7 of 7 people found the following review helpful
5.0 out of 5 stars Brilliant musicianship 20 April 2005
By Tom Leoni - Published on
Format:Audio CD
Anyone who likes country-blues (especially the all-acoustic variety) will love this CD.

Firstly, the songs are the compositions of someone who needs no introduction, the legendary Jimmie Rodgers. Most of them are based on a 12-bar blues pattern, with the lyrics repeating the first verse twice over the first chord-change - a traditional form that was very dear to Rodgers. The words are a good reflection of depression-era themes, such as railroad hoboing (Hobo Bill), scrounging up a modest living (No hard time blues) and, of course, loving and leaving in their many facets (California blues, Jimmie's last Blue Yodel).

Haggard's vocal rendition is somewhat different then Rodgers,' but the result is equally engaging. While Rodgers' voice is haunting and languid, Haggard's is more round and palpable. Also, Haggard's yodeling is much less frequent, but when employed is extremely effective, equally "plodding" and never over-used. In a sense, it is by being completely himself that Haggard nails the spirit of Rodgers' songs.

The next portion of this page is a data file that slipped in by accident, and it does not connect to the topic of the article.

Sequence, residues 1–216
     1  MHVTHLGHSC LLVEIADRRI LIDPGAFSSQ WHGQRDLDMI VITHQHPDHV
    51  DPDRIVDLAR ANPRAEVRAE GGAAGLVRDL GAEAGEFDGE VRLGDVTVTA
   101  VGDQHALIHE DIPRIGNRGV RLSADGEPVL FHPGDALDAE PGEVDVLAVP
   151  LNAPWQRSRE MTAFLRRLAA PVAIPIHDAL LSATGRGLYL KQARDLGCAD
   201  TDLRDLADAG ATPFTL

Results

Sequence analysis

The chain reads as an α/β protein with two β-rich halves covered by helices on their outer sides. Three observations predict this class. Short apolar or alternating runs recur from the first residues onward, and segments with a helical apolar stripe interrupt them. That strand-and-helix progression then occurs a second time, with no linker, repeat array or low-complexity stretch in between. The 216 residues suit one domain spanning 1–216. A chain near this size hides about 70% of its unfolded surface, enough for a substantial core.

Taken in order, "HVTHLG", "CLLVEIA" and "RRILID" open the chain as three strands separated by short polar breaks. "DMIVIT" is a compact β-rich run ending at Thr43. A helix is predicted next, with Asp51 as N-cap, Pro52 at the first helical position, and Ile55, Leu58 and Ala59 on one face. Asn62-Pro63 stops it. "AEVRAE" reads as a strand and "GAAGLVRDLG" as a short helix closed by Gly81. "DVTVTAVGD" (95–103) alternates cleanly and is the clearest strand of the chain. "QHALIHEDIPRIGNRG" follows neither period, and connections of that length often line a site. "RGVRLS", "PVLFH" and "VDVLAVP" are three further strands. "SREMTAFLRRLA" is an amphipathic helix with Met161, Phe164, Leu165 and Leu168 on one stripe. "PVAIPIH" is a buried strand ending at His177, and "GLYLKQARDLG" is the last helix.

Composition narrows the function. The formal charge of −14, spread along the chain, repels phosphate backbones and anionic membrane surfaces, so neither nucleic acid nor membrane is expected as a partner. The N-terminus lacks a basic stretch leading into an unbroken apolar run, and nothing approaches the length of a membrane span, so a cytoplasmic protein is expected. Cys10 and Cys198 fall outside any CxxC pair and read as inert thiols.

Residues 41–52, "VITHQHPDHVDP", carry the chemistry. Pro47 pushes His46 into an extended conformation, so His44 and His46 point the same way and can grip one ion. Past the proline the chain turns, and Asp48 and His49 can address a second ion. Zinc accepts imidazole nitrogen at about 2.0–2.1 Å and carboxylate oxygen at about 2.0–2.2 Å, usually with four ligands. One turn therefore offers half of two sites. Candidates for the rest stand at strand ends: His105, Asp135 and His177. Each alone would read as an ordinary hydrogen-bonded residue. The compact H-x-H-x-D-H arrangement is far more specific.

The arrangements are one of the many strong suits of this CD. For the most part, pieces feature acoustic instruments - drums, bass, guitars, dobros (one played with the slide, the other a dobro-guitar), and blues-harp. A couple pieces have horns, played in a quasi-Dixieland style reminiscent of those in Rodgers' own recordings - while a violin, an electric guitar and a steel guitar surface in a minority of the tracks. Most pieces are moderate "2/4" two-steps, with the occasional waltz.

The accompaniment is provided by Haggard's own band (the Strangers) and the studio artists sometimes heard in his earlier recordings. Among the latter is none other than James Burton, one of the fathers of Country Guitar styles and, of course, the guitarist who toured with Elvis from 1969 to 1977. While most listeners are accustomed to hearing Burton's Telecaster, it is amazing to hear him pick away at a round-neck dobro with equal flair and musicianship (his fiery solo in "No hard time blues" is an oft-copied masterpiece).